Factors associated with persistent delirium after intensive care unit admission in an older medical patient population

Margaret A. Pisani, Terrence E. Murphy, Katy L.B. Araujo, Peter H. Van Ness

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Purpose: This study was designed to identify factors associated with persistent delirium in an older medical intensive care unit (ICU) population. Materials and Methods: This is a prospective cohort study of 309 consecutive medical ICU patients 60 years or older. Persistent delirium was defined as delirium occurring in the ICU and continuing upon discharge to the ward. The Confusion Assessment Method was used to assess for delirium. Patient demographics, severity of illness, and medication data were collected. Univariate and multivariate analysis were used to assess factors associated with persistent delirium. Results: Of 309 consecutive admissions to the ICU, 173 patients had ICU delirium, survived the ICU stay, and provided ward data. One-hundred patients (58%) had persistent delirium. In a multivariable logistic regression model, factors significantly associated with persistent delirium included age more than 75 years (odds ratio [OR], 2.52; 95% confidence interval [CI], 1.23-5.16), opioid (morphine equivalent) dose greater than 54 mg/d (OR, 2.90; 95% CI, 1.15-7.28), and haloperidol (OR, 2.88; 95% CI, 1.38-6.02); change in code status to "do not resuscitate" (OR, 2.62; 95% CI 0.95-7.35) and dementia (OR, 1.93; 95% CI 0.95-3.93) had less precise associations. Conclusions: Age, use of opioids, and haloperidol were associated with persistent delirium. Further research is needed regarding the use of haloperidol and opioids on persistent delirium.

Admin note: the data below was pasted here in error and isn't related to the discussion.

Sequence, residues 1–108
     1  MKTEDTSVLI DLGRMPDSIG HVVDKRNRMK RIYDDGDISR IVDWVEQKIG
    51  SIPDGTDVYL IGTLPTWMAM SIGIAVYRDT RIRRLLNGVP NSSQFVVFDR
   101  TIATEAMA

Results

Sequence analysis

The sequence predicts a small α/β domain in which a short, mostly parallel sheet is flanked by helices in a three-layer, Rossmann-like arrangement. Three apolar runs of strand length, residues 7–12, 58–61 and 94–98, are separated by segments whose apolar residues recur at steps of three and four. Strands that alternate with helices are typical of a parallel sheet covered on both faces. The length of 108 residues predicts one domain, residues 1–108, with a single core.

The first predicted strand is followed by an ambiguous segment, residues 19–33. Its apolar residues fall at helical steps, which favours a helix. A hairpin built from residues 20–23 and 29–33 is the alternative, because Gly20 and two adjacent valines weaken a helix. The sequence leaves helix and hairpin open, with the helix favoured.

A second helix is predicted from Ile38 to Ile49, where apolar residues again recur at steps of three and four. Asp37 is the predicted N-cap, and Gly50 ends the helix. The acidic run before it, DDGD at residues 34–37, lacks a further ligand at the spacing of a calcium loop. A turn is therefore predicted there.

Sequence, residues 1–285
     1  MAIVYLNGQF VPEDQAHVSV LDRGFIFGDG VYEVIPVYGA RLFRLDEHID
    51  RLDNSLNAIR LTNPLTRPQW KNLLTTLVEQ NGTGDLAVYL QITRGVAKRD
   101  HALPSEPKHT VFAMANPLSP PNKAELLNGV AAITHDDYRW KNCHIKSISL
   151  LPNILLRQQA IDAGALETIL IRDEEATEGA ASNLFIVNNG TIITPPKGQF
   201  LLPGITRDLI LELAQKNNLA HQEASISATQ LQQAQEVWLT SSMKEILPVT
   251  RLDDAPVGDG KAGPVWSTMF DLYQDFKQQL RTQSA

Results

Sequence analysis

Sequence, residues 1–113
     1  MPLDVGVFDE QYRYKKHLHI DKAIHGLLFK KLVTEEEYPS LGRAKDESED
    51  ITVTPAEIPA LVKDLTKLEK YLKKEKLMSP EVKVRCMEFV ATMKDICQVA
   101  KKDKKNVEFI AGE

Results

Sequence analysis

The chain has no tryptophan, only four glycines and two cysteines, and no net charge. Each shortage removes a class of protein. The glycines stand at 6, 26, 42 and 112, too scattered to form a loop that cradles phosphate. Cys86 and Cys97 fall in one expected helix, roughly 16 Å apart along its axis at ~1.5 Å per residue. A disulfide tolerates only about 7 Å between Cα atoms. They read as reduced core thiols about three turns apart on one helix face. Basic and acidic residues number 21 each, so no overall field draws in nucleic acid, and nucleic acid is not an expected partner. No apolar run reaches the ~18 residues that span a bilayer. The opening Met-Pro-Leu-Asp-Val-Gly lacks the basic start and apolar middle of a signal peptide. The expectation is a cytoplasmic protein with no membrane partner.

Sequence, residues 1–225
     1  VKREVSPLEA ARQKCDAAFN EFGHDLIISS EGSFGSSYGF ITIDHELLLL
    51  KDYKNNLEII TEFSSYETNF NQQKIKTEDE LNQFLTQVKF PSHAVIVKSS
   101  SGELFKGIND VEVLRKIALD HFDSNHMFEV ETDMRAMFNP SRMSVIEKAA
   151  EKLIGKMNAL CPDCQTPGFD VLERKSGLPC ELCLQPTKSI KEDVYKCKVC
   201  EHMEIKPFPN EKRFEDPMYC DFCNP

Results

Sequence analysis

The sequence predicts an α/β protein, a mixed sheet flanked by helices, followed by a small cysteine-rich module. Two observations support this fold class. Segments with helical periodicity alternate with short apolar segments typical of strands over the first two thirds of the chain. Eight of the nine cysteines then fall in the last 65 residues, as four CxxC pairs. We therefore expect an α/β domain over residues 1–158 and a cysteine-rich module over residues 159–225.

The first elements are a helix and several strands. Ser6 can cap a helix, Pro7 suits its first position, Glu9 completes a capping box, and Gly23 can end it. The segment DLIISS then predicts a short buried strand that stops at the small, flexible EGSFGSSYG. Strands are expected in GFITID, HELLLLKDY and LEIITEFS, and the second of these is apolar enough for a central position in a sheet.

Original languageEnglish (US)
Pages (from-to)540.e1-540.e7
JournalJournal of Critical Care
Issue number3
StatePublished - Sep 2010

All Science Journal Classification (ASJC) codes

  • Critical Care and Intensive Care Medicine


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